undesirable chemical reactions which can
produce compounds with foul odors and off tastes
(Robinson, 2006). Ageing in wooden barrels
improves the wine quality by adding desirable
components including ethyl acetate, phenolics etc.
and leads to reduction in undesirable components
such as n-proponal, n-butanol, iso-butanol,
isoamyl alcohols (Soni et al., 2009). Soni et al.
(2009) also reported that storage of amla wine in
oak wooden barrels for a month improves the
quality and sensory attributes than the wine stored
in glass bottles. We stored our guava at 15C and
recorded significant decrease in phenols, ascorbic
acid, ethanol and viable count. The final wine at

858

Afr. J. Food Sci.

the end of 3 months had 12.60.2% ethanol (v/v),


67.737.18 ascorbic acid (mg/100ml), and 224.051.7
total phenols (mg/100 ml) and was free of viable yeast
cells (Table 1).
Sensory evaluation
The sensory analysis of wine is an important parameter
in determining the quality of wines. It revolves around the
taste, feel, aroma and bouquet of the aged wine. A
number of methods in the form of hedonic scales and
analytical techniques like GCMS have been developed
(Amerine and Roessler 1976; Reynolds, 2010). So much
is the importance of sensory evaluation that capturing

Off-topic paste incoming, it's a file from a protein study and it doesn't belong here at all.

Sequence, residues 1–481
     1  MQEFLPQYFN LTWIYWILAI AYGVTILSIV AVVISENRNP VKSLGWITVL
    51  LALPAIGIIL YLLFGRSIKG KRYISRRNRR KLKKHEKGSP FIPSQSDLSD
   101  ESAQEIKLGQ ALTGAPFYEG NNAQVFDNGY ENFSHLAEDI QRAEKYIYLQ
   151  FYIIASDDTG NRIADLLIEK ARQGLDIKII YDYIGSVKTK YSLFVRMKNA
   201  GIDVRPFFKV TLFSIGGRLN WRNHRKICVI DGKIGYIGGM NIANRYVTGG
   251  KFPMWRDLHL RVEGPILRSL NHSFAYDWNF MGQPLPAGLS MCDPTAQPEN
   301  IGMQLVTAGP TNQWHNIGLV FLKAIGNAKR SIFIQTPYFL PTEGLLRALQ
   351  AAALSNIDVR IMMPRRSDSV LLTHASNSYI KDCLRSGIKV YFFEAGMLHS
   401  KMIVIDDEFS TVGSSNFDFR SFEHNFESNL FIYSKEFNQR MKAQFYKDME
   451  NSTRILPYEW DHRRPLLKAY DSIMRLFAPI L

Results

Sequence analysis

consumers mind and attitudes towards wines is a
flourishing business (Lesschaeve, 2007). Shankar et al.
(2006) highlighted the increase in aroma and flavor of
guava wine with supplementation of N and P in the
must. We also found that guava wine from three
varieties that is, Punjab pink, Arka amulya and Lucknow49 had enhanced taste, aroma and flavor with ageing of
three months (Pooja, 2011).
CONCLUSIONS AND FUTURE PERSPECTIVES
Wine is one of the functional fermented foods having
many health benefits like anti-ageing effects,
improvement of lung function (from antioxidants in white
wine), reduction in coronary heart disease, development
of healthier blood vessels and reduction in ulcer-causing
bacteria. Many wines are made from fruits having
medicinal value (Tapsell et al., 2006). In India, wine
industry is grape based and is still in its infancy (Joshi
and Attri, 2005) with wineries restricted to Maharashtra.
Out of the total 60 wineries in the country, 57 are located
in Maharashtra, 2 in Karanataka and 1 in Goa (Patil,
2008). As far as Punjab is concerned, inspite of 61,618
ha under fruits and a production of 10,55,408 MT
annually production with guava contributing 1.5 lakh MT
(Gill et al., 2009), no winery has been set up here yet. So,
developing technology for production of guava wine in
India can found to be of great benefit. Further, Guava
wine may prove to be a quality wine with alcohol
(stimulant) and high contents of phenols and ascorbic
acid (antioxidants) besides increasing the economic
status of Indian farmers especially during period of glut.